12 10 Financing low-carbon investment in developing countries Step 1: The country must determine its overall policy goal. Such goals may be specified for the whole economy or for specific carbon-intensive sectors depending on the national circumstances. Step 2: As in the previous case, the essential domestic elements of the NAMA infrastructure are put in place. In particular, the country needs to ensure that it has an inventory of GHG emissions and removal; that the institutional arrangements necessary for setting up policy goals, monitoring and enforcing implementation are established; and that the procedures for MRV of emissions and their reductions and for the approval of projects that seek financing are in place and comply with the international MRV standards. At this stage the country may choose to undergo international eligibility certification for NAMA, giving it eligibility to approve projects that meet the national policy goals and to consequently issue carbon credits to such projects. Step 3: The overall goal should be further specified in terms of concrete actions or policies that will be implemented in the key sectors. For example, actions A through E presented in Diagram 2 may include energy efficiency goals for a particular sector or for the entire economy or renewable energy targets, and certain technology standards. Actions identified and the expected emission reductions should be recorded in the national and international registry. For example, as discussed above, the country may determine that it needs to facilitate investment to support its national energy efficiency goal, i.e. improving industrial energy efficiency by 30 percent over the current level. Step 4: Individual domestic projects, i.e. improvement of energy efficiency beyond 30 percent, can now undergo approval through domestic procedure to be eligible to generate carbon credits. Step 5: Once the project gets implemented it undergoes MRV according to the internationally established standards and the resulting emission reductions get carbon credits issued and recorded in the national and international registry. Some proposals in the international negotiations suggest that only part of the emission reductions under NAMAs should creditable, while part should be self-financed by the host country. Under such approach, similar steps as outlined above can be followed, with the only difference that only emission reductions beyond those under the domestic policy goal would be creditable under the NAMAs. In our example of 30 percent improvement in the industrial energy efficiency being required under NAMA all emission reductions achieve through increasing energy efficiency above 30 percent would be eligible to generate carbon credits. Essentially in this case the domestic policy goal for self financed effort (i.e. 30 percent improvement in energy efficiency) serves as the baseline against which creditable emission reductions are calculated. Carbon credits produced through this mechanism can either be sold to the international buyer (providing that there is a provision that after a country has gone through the international NAMA eligibility certification, it s carbon credits will be recognized for compliance in other countries or to domestic companies that are failing to meet their minimum emission or/ energy efficiency improvement targets. For this mechanism to work strong enforcement mechanisms at the national level will be required to ensure domestic compliance of companies with the mechanism. This will require strengthening of domestic institutions and transparent MRV mechanisms at the national level.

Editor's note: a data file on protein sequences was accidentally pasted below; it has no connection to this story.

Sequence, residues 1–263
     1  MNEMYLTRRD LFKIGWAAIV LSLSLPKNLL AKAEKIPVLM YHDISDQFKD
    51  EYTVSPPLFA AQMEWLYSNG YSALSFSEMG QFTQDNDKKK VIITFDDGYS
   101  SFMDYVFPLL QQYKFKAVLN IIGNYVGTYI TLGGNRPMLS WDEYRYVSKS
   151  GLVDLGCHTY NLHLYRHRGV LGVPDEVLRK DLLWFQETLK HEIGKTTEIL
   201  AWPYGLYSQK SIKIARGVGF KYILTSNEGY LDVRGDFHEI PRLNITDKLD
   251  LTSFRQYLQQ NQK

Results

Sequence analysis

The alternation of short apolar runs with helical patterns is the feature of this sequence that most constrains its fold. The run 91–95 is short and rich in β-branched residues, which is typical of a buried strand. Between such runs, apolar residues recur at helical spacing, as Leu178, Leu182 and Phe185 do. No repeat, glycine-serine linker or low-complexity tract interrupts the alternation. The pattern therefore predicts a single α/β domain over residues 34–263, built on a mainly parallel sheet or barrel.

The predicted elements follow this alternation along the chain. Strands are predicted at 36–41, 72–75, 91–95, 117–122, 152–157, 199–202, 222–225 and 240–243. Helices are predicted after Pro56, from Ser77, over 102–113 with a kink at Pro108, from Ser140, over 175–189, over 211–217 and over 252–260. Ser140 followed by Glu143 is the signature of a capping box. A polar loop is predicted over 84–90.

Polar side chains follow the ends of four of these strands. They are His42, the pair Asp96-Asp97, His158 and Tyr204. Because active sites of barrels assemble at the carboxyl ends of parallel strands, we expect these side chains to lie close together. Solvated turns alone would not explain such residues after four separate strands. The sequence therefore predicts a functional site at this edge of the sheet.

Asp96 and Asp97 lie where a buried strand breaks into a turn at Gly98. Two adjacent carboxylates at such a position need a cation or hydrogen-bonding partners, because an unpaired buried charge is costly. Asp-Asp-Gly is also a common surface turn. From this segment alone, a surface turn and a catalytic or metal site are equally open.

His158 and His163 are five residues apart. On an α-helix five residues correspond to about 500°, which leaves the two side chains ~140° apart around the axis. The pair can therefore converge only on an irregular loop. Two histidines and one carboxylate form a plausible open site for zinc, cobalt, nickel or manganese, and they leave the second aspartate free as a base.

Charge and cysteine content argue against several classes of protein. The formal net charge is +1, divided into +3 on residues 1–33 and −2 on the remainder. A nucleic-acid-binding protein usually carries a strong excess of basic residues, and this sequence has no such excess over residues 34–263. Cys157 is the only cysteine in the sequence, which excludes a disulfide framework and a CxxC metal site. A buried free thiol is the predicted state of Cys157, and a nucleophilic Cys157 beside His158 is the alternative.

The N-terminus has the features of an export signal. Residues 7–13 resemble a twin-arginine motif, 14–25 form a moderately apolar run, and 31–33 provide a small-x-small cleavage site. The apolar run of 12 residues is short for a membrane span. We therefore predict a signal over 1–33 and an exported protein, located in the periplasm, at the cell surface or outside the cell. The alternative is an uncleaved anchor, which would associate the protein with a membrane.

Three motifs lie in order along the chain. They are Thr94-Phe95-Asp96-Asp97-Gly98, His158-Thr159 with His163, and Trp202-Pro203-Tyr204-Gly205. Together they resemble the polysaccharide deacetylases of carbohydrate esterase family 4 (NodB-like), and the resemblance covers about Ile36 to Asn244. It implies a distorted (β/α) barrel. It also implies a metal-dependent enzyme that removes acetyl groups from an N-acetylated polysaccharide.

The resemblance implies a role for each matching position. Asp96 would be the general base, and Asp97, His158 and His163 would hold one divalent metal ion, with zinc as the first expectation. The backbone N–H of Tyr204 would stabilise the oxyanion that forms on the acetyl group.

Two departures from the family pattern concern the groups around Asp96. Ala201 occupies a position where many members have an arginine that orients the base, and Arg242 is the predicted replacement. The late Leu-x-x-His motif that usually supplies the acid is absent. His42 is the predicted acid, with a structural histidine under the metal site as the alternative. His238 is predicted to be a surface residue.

13 Financing low-carbon investment in developing countries 11 Diagram 2: Framework for creditable NAMAs Tradable carbon credits International NAMA registry NAMA of country Set of actions: A B C D E Issued carbon credits 1. Country sets the overall policy goal National Goal National NAMA registry Actions A-H 2. National infrastructure is put in place, i.e. inventory, registry, approval and MRV procedures. A country undergoes international NAMA eligibility certification. 3. Set of actions in the key sectors that reduce emissions below BAU forming the NAMAs are identified. Domestic procedures & processes A B C D E MRV system 4. A project falling within one of the policy goals under the NAMA framework applies for national approval E Gets national approval Gets pre- MRV 5. Project gets implemented, MRVed and credits are issued Carbon credits are issued Independent audit/mrv Implementation